My GitBook Workflow

By Jack Dougherty, last updated December 8, 2016

GitBook offers different ways to compose your books, and each method has its own advantages. Typically, I compose text using the GitBook web editor or desktop editor, or modify files with the Atom text editor and push these changes to my GitHub repository with GitHub Desktop. None of these steps require using Git on the command line.

Compose with GitBook WEB Editor:

Advantages: WYSIWYG preview, Markdown menu, proofreader toggle, branch control

  1. Check GitHub repo for any pull requests from contributors: https://github.com/JackDougherty/datavizforall
  2. Startup browser editor, temporarily create a new branch (dev) to avoid continually building master branch
  3. Write and save edits on each page
  4. When done, merge branches (push dev branch into master branch)
  5. When done, delete the dev branch to avoid confusion in future

Compose with GitBook DESKTOP Editor

Advantages: WYSIWYG preview, Markdown menu, proofreader toggle, branch and sync control

Disadvantage: links and images appear, but requires clicking on Markdown version to edit

  1. Check GitHub repo for any pull requests from contributors: https://github.com/JackDougherty/datavizforall
  2. Startup Desktop Editor app and CLONE current book from GitHub to local computer
  3. Create a temporary new branch (dev)
  4. Write and save edits on each page
  5. When done, merge branches (push dev into master) and sync
  6. Delete the dev branch to avoid confusion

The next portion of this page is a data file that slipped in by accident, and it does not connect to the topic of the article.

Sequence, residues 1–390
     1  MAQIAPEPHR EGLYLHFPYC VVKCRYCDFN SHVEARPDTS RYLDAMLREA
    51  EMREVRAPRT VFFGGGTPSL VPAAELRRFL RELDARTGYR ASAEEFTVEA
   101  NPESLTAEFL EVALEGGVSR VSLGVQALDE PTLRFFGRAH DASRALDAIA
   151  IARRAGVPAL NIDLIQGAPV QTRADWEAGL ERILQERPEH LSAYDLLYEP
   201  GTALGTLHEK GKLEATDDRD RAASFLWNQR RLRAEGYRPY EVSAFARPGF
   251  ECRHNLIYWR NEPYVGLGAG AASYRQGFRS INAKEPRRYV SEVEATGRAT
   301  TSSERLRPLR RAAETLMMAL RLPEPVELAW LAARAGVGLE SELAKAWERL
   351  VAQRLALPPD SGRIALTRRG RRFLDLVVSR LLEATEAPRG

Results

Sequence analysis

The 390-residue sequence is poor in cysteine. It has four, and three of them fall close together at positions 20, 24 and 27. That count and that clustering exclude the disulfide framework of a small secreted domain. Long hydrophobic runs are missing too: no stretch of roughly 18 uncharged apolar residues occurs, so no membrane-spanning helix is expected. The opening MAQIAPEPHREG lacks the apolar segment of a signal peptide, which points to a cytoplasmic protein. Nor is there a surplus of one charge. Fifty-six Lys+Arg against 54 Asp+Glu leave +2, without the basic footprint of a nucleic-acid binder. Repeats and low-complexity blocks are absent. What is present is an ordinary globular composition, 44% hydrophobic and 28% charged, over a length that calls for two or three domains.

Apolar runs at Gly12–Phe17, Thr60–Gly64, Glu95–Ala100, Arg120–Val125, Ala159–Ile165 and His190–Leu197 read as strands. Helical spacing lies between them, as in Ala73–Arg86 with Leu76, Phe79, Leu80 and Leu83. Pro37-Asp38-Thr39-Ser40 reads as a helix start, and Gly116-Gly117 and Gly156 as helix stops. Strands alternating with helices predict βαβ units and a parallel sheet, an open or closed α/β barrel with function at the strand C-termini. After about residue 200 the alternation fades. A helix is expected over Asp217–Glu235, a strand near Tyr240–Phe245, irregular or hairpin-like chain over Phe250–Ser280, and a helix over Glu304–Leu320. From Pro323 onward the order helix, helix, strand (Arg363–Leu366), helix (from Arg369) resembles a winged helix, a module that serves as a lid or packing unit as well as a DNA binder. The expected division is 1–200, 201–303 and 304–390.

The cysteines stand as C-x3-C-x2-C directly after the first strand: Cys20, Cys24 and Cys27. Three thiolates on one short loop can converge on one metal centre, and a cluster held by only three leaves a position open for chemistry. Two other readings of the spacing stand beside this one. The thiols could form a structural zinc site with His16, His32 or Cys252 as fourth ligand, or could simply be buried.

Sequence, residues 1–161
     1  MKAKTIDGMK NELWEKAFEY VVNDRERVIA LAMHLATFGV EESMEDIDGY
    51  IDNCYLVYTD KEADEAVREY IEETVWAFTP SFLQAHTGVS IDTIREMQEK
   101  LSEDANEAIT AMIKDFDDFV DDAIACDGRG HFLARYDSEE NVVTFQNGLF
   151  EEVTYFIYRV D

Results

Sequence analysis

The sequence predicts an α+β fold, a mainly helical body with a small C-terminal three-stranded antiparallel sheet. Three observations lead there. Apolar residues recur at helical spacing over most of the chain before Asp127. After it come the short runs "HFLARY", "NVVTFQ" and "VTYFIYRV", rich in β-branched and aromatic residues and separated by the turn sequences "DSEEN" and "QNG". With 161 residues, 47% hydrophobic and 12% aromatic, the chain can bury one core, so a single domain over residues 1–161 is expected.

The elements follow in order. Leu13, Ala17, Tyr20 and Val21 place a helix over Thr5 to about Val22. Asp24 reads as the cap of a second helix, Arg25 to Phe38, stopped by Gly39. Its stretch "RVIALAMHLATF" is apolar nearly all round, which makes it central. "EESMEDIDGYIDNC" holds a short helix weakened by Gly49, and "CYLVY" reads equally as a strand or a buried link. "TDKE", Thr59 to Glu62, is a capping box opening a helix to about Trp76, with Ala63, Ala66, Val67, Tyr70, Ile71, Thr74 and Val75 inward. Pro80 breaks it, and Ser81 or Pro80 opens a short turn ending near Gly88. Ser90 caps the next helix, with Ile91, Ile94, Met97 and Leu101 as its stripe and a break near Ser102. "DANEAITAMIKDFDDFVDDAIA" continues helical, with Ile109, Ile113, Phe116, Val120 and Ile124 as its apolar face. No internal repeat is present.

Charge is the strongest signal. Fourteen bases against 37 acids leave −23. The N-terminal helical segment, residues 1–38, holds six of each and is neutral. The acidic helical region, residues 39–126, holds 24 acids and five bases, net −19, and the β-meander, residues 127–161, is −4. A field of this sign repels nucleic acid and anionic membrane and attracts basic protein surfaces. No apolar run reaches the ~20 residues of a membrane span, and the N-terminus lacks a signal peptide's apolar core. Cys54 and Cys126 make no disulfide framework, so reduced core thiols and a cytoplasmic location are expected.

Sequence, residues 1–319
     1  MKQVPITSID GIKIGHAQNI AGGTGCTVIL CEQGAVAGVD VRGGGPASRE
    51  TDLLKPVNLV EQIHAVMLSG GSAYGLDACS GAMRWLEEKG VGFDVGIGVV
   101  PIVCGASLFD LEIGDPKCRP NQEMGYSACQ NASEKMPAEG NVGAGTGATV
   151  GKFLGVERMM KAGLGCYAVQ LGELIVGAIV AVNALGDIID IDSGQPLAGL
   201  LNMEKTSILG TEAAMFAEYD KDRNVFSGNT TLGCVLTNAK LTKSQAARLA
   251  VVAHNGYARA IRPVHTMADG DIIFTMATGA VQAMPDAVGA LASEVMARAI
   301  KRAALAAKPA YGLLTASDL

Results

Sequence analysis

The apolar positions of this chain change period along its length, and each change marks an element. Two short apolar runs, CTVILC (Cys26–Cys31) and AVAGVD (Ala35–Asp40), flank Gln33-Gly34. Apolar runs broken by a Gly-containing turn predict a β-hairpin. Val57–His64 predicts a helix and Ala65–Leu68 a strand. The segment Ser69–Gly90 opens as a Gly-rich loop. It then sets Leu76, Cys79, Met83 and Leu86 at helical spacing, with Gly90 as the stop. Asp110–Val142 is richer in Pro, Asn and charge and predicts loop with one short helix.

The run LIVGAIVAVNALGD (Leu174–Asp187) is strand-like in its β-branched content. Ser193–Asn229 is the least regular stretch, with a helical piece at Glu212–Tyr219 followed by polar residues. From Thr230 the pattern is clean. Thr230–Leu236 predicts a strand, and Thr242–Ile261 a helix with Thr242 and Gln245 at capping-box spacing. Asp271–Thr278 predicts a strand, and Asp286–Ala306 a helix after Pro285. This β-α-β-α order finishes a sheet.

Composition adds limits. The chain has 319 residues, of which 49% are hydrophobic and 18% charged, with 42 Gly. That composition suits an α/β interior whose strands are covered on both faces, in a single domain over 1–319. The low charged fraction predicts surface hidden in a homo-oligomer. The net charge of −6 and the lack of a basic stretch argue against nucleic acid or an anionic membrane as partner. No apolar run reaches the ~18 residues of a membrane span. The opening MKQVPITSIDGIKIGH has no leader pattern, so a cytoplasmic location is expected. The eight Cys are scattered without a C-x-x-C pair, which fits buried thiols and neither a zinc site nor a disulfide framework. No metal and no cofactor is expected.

7. Delete the CLONE of the book from my local computer to avoid confusion

Compose with Atom Editor and GitHub Desktop

Advantages: This method works best when making major changes to the book, such as reorganizing the folder-file structure, rethinking the table of contents, and adding images into specific folders.

Disadvantages: For novice users, requires basic knowledge of GitHub web interface, GitHub Desktop, and a text editor (such as Atom Editor)

  1. Check GitHub repo for any pull requests from contributors: https://github.com/JackDougherty/datavizforall
  2. Use GitHub Desktop to sync repo to my local computer
  3. Use Atom editor to edit, upload, restructure files
  4. Use GitHub Desktop to commit changes to online repo master branch

My Settings

  • TO DO: explain GitBook-GitHub link; custom domain

Data Visualization For All is copyrighted by Jack Dougherty and contributors and distributed under a Creative Commons Attribution-NonCommercial 4.0 International License. You may freely share and modify this content for non-commercial purposes, with a source credit to http://DataVizForAll.org.
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